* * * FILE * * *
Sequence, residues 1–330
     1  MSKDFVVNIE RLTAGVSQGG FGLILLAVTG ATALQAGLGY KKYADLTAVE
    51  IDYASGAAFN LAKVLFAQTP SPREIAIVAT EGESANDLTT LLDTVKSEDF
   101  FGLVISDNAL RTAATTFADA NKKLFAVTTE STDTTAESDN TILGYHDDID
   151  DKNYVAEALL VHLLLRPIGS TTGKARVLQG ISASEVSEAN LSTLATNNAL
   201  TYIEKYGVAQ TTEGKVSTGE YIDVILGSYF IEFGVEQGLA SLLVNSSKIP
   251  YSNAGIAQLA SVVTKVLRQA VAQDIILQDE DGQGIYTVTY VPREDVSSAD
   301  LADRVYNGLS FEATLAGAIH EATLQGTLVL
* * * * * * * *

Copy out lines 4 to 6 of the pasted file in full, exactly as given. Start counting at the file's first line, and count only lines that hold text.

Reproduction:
   101  FGLVISDNAL RTAATTFADA NKKLFAVTTE STDTTAESDN TILGYHDDID
   151  DKNYVAEALL VHLLLRPIGS TTGKARVLQG ISASEVSEAN LSTLATNNAL
   201  TYIEKYGVAQ TTEGKVSTGE YIDVILGSYF IEFGVEQGLA SLLVNSSKIP